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Undefined Neighbourhoods and the Power of Naming Things
Also: Rent Collusion, Taylor Swift, and Latent Cultural Potential
As you can see, in some cases it’s clearer and in other instances, it’s not. The article itself also goes some of the strange borders and history. I’ve had a life-long fascination with thresholds: when we change the definition of something along a scale. Questions like: when does a hill become a mountain, or when does a sea become an ocean? Where does a neighbourhood end and another begin?
I feel that inside that conundrum of how we define and name things lies some truth and understanding that I can’t quite place yet. It’s only a feeling that something interesting lies in that direction. Understanding the space in-between is where the magic lies. The answer, perhaps is in the attempt?
This week, tangentially,tackled the concept of “vastness” (the effable but unnameable).
…effable but increasingly unnameable. It’s like the intellectual ultraviolet. We can feel parts of it as a sort of cancerous burning (the sense of vastness turning your brain into ooze), but we cannot conceptualize it in any general way. Its most salient aspect is its unassailable, information-dense specificity.
The vastness is unnameable, untheorizable, and incompressible, but it’s not unexperienceable or even hard to find and experience. It’s all around you, in everything you normally tune out as unimportant details.
In the post, was a link to an article about the power of naming things through the vision of the fairy-tale Rumpelstiltskin and the Tao Te Ching. Why is naming something such a powerful tool against vanquishing the imp?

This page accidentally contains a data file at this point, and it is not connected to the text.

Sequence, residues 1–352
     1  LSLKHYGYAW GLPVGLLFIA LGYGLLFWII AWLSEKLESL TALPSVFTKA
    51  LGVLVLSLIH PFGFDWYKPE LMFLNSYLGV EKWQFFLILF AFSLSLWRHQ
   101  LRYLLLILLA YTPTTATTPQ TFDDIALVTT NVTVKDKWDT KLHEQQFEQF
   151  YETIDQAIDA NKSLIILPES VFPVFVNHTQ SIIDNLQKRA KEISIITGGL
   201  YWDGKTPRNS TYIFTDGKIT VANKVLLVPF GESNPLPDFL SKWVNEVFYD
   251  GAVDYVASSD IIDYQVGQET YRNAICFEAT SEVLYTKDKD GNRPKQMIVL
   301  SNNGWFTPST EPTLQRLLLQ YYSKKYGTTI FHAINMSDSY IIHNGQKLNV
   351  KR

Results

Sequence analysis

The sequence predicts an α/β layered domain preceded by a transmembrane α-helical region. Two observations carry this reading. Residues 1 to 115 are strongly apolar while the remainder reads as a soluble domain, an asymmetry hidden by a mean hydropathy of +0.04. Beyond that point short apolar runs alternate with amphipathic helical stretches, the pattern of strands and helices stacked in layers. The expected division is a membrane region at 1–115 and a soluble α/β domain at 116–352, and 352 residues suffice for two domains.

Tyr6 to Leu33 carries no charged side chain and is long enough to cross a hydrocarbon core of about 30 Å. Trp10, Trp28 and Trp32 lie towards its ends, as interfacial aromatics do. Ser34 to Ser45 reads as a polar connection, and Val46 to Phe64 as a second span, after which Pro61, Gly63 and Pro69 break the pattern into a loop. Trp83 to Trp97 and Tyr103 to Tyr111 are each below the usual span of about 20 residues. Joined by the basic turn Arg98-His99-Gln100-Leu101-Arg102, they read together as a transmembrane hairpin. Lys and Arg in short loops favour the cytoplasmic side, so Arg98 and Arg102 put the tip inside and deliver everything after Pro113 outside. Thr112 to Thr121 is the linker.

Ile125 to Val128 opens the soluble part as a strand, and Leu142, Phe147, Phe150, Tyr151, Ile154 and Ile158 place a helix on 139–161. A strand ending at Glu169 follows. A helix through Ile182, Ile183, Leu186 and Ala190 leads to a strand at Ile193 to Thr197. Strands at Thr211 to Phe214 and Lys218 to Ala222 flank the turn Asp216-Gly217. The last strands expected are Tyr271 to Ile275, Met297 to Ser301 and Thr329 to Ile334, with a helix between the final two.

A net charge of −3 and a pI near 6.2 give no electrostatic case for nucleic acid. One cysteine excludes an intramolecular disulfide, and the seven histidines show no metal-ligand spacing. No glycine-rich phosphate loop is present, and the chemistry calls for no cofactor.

The act of naming is one of the central mysteries of human cognition — it is the visible tip of an iceberg whose depth below the surface of conscious thought we have only just begun to plumb.
Maybe the story of Rumpelstiltskin, in its cryptic way, is trying to tell us two intertwined tales. On the one hand it is telling us that unnamed powers lurk in the shadows: capricious spirits that can both help and harm us. Like stories themselves, these powers may be infinite. Perhaps our rational concepts can never fully account for them. But on the other hand, it seems to be telling us that when malevolent or irrational forces manifest themselves, we can — if we're lucky — name them and tame them.
A neighbourhood is a continuous conversation. Somewhere, there’s a threshold where a neighbourhood acquires a name that in time, makes it possible to “name and tame” this conversation. We don’t have neighbourhoods defined by a single block, and big cities aren’t defined as one big neighbourhood either. Somewhere in the middle, after many of these conversations among the community, we get to neighbourhoods.